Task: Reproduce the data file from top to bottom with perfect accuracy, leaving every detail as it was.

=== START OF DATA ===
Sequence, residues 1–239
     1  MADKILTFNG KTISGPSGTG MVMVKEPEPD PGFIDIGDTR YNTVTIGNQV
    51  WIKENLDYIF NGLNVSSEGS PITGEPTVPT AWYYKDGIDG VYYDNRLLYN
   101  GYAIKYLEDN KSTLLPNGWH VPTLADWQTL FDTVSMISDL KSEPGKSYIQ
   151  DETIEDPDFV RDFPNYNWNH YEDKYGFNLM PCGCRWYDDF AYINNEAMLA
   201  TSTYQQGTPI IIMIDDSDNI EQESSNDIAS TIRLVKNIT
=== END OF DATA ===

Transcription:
Sequence, residues 1–239
     1  MADKILTFNG KTISGPSGTG MVMVKEPEPD PGFIDIGDTR YNTVTIGNQV
    51  WIKENLDYIF NGLNVSSEGS PITGEPTVPT AWYYKDGIDG VYYDNRLLYN
   101  GYAIKYLEDN KSTLLPNGWH VPTLADWQTL FDTVSMISDL KSEPGKSYIQ
   151  DETIEDPDFV RDFPNYNWNH YEDKYGFNLM PCGCRWYDDF AYINNEAMLA
   201  TSTYQQGTPI IIMIDDSDNI EQESSNDIAS TIRLVKNIT